October 17, 2022

Economic outlook spells trouble for 2022 Democrats

President Biden and Democrats are facing serious political headwinds driven by high inflation, an erratic stock market and deepening recession fears as they attempt to defend their majorities in the House and Senate.

The president banked on a massive economic rebound powering his party to another sweep of Congress two years ago when he launched his ambitious recovery plan, deploying trillions in dollars to support the recovering job market and struggling households. 

In late summer, after enduring the scourge of surging prices and a strained supply chain, the president and his party saw a string of economic and policy wins.  

Gas prices dropped and Democrats were able to come together and pass a sweeping climate and health care bill. The U.S. has also enjoyed the strongest run of hiring in decades, adding more than 10 million jobs since Biden took office and 3.8 million this year alone.  

But the U.S. economic outlook is once again darkening.  

The latest inflation report could cost the president and his party dearly, all while deepening the risks facing the US economy.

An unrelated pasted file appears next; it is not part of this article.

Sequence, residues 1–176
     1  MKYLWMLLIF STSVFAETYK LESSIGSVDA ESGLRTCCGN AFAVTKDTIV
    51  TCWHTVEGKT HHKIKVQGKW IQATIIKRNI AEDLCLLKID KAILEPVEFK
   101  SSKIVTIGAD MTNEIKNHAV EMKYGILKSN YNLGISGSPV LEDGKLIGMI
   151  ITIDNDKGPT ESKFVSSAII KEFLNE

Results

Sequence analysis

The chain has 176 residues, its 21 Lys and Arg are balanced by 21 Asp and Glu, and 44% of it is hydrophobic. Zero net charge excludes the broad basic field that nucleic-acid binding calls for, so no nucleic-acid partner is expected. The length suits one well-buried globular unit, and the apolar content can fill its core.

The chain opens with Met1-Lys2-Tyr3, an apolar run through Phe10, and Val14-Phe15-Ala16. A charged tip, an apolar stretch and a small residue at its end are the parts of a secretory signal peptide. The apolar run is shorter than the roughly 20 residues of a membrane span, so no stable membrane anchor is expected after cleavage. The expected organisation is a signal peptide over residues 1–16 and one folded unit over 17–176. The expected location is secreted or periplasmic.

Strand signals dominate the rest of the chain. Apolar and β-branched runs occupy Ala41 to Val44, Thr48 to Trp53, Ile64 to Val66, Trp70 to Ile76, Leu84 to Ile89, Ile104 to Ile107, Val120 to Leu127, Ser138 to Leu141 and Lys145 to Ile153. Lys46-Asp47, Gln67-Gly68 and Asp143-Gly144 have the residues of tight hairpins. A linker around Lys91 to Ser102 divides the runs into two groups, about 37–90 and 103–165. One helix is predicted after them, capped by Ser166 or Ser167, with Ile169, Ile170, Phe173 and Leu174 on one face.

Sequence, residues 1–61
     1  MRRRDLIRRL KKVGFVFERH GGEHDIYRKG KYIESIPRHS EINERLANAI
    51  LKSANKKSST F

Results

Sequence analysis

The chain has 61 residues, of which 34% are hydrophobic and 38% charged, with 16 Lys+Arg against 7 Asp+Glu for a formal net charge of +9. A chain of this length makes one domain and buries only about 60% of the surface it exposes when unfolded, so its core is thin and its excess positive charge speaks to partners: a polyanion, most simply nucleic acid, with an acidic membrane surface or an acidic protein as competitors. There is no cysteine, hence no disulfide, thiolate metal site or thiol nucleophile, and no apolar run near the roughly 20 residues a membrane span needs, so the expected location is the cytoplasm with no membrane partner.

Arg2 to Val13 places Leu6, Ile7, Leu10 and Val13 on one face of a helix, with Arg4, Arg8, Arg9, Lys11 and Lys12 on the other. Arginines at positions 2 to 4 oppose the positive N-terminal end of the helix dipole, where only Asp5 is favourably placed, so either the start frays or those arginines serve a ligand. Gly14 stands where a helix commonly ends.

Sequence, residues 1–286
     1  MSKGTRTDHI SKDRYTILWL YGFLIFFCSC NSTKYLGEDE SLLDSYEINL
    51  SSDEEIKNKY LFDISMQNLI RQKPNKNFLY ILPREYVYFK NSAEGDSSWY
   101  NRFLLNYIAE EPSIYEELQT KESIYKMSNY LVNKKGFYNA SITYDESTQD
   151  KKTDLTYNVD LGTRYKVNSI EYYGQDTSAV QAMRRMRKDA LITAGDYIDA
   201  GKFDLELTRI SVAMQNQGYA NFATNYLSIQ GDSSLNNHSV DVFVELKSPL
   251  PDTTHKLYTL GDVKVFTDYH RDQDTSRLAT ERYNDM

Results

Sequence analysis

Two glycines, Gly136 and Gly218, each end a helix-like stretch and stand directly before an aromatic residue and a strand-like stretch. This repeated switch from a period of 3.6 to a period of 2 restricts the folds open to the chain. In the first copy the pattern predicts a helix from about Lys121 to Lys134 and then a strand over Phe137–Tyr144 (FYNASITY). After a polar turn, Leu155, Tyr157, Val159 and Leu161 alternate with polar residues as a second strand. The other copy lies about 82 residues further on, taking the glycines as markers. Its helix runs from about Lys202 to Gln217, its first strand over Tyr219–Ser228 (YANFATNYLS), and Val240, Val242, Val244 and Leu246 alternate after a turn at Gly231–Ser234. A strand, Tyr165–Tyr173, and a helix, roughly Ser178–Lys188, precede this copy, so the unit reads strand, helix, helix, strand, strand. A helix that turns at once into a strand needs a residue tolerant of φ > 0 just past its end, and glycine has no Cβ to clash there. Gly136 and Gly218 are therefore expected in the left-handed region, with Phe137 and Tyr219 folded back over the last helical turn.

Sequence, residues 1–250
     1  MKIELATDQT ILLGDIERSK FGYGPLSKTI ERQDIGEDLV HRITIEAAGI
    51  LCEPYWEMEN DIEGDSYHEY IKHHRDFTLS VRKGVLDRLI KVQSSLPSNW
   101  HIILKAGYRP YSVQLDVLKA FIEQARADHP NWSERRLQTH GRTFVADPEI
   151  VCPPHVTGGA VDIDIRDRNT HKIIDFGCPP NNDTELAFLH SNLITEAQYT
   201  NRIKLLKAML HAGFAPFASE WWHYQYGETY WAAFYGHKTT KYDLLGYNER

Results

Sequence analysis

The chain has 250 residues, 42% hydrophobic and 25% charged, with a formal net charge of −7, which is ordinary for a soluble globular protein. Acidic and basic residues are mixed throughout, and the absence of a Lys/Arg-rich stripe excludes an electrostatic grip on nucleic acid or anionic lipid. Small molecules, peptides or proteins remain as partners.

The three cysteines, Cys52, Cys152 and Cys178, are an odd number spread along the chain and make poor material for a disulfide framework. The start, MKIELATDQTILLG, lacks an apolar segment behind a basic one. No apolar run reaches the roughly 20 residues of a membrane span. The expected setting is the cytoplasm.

Consumer prices rose 8.2 percent over the past 12 months and 0.4 percent last month alone, according to consumer price index data released Thursday by the Labor Department. 

While the annual inflation rate has steadily fallen since June, rising prices for food, shelter, health care and travel weigh on household budgets. 

Retail sales also flattened out in September, according to data released Friday by the Census Bureau, as more Americans pull back their spending amid rapid price growth. 

“Inflation is the main factor that is determining how much shoppers are willing to spend. Households are tapping into savings, accessing credit and reducing their savings contributions as they meet higher prices head on,” explained Jack Kleinhenz, chief economist for the National Retail Federation, in a Friday analysis. 

The financial squeeze is also straining voters’ faith in Biden and Democrats’ ability to lead the U.S. out of the mire. 

Only 28 percent of Americans believe the United States is headed in the right direction, according to a poll conducted by The Economist and YouGov earlier this week.  

The poll of 1,500 U.S. citizens found that 41 percent of Democrats, 53 percent of independents and 78 percent of Republicans believe the U.S. is already in a recession, even as the economy has added 420,000 each month on average this year. 

“You go to the grocery store and everything is more expensive and quite often more expensive than the last time you were there. It’s hitting families’ budgets, it’s hitting their psyche, and it’s the number one issue on the campaign,” said Doug Heye, a Republican strategist and former spokesman for the Republican National Committee, in a Thursday interview. 

“You’re paying more or you’re making choices to not spend that money. And that’s every day. Nothing competes with that,” he added.